> >Do you really want to classify Paul's appeal to an alter to an unknown god as
> >Natural theology? If so. why so?
> No, I used it as an example of how theistic belief might serve as a stage
> on the path to Christian belief.
I'm tacking this on here rather than on the parallel thread
where it really belongs because I got too hasty with the delete button!
The problem with natural theology arguments as an apologetic
device is not simply that they may be ineffective. They can be a
positive hindrance to the genuine Christian message. The argument for
the Unmoved Mover, e.g., claims explicitly that God cannot be affected
by the world. This immediately makes any idea that God was born of Mary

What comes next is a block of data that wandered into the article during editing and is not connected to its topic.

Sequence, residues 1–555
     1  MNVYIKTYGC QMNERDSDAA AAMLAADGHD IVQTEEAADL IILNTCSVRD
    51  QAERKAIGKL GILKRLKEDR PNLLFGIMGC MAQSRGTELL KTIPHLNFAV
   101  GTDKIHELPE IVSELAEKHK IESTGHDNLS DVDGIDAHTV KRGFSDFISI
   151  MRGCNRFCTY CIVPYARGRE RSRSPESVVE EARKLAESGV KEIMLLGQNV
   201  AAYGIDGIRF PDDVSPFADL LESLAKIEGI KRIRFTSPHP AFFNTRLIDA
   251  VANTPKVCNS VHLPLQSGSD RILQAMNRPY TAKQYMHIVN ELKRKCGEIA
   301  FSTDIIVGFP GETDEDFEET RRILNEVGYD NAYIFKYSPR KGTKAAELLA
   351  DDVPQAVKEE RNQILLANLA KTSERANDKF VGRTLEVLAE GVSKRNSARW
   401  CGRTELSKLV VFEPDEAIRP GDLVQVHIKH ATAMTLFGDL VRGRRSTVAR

or died on the cross problematic. Arguments for God as a supreme moral
authority are likely to result in giving Law priority over Gospel - God
is the one who enforces the Commandments, but gives people a loophole in
These arguments do not have to result in those unfortunate
conclusions, & there are more or less adequate ways in which the
resulting ambiguities can be dealt with. But why not from the beginning
argue for God as he is revealed in Christ?
George L. Murphy